What’s Best For Bad Weather: AWD or 4WD

Need a vehicle that gets you there regardless of the weather? Then the two drive systems you need to consider are AWD and 4WD platforms. In this article the sales staff at chrysleronnicholasville.net stepped us through what you need to know about these two drive options.

First, let’s look at what the basic 2WD system does for us so we can put the four wheel options into perspective. Two wheel drive systems do exactly what you would think. The engine power is distributed to just 2 of the vehicle’s wheels. Most smaller vehicles today are 2WD with the front wheels being driven. Often referred to as Front Wheel Drive vehicles, these configurations benefit from having the engine weight balanced over the front wheels.

All-Wheel Drive (AWD) – Like the name implies, AWD configurations feed power to all four wheels on a car, truck or SUV. This requires more parts in the drivetrain but it provides maximum forward traction during acceleration and is especially helpful in slippery conditions. Most AWD systems deliver power primarily to one set of wheels, either the front or the rear, when slippage is detected.
AWD systems are especially helpful in rapidly changing conditions or when driving on a road with intermittent snow and ice. It is commonly used for most car-based SUVs, as well as many cars and minivans.

Four-wheel drive – Although four-wheel drive (4WD) and AWD are designations that are often used interchangeably, there is a big difference. Generally, 4WD is optimized for rugged off-road driving situations. Think vehicles like Jeeps and heavy-duty pickup trucks.  Most 4WD systems have high and a low gear range, the latter used to increase low-speed climbing power. AWD systems do not have these lower gear ranges.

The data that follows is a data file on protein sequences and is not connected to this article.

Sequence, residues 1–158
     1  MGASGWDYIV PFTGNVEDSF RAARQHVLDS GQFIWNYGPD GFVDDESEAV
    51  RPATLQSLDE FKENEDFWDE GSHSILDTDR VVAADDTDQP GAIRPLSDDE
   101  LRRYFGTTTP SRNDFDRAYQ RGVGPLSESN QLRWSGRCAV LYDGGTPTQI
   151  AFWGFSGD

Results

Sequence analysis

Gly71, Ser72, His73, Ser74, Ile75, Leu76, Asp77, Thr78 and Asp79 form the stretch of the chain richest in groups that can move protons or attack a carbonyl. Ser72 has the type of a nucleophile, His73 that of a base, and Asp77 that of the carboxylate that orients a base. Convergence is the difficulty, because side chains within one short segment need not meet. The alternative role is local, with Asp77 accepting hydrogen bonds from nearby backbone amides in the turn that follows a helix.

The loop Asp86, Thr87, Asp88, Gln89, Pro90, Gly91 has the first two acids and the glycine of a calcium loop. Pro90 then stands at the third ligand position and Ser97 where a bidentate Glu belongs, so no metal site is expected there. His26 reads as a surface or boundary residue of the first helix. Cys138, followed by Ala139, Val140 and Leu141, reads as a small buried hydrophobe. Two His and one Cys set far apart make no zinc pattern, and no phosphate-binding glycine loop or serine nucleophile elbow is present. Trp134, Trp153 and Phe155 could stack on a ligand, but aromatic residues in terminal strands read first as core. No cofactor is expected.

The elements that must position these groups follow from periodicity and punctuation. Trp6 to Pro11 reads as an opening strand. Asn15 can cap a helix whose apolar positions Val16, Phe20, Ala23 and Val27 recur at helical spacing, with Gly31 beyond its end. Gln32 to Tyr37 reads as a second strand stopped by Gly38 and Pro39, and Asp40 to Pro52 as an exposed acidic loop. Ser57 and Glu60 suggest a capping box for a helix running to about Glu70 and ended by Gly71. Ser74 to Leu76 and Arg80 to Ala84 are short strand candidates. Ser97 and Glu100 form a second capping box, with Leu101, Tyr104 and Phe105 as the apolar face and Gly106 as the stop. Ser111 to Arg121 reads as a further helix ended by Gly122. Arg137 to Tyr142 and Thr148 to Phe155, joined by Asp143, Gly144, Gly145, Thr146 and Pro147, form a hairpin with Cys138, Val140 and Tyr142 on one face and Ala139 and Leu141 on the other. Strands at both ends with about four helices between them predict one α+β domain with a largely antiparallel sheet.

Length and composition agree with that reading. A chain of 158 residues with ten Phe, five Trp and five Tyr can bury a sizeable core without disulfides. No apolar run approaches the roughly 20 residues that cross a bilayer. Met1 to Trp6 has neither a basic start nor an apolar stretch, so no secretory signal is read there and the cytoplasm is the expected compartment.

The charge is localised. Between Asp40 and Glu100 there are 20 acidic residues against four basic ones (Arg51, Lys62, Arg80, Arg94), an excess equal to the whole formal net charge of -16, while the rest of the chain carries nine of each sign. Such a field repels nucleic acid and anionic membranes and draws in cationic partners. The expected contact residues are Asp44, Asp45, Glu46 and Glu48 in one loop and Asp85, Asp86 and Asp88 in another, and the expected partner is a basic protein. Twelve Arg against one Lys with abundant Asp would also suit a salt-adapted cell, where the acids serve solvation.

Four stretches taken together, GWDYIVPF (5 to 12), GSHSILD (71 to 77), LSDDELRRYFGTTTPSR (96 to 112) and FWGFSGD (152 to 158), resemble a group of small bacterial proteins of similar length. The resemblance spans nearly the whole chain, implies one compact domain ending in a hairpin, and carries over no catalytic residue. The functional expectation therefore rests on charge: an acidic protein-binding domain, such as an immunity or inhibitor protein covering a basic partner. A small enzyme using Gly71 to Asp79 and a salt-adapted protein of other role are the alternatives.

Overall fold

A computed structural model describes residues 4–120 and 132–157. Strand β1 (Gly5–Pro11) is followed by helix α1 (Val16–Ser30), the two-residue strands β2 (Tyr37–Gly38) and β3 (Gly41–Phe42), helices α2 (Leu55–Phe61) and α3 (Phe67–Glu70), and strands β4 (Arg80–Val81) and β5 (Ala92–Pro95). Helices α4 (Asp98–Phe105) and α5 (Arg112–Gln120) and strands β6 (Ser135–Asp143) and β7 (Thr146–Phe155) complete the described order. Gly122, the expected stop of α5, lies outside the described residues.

To further differentiate modern 4WD systems are either full-time, which means they stay engaged when driving; automatic, where the vehicle automatically switches between two- and four-wheel-drive mode; and part-time, which require the driver to manually shift between two- and four-wheel drive.

Aside from serious off-road enthusiasts, most drivers never come close to needing the capability that 4WD systems provide over and above AWD systems.  That is why you see them primarily on heavy duty vehicles or off-road ones.

What to Buy?
It all depends on what you are using your vehicle for. For conditions involving rain and light snow, AWD is an excellent alternative. AWD provides a substantial margin of road-holding ability especially in inclement weather. If you’ll be driving in severe snow or true off-road situations, or if you’re interested in pursuing off-roading as a hobby, you may want to opt for a vehicle with 4WD.
Thanks to: Chrysler of Nicholasville

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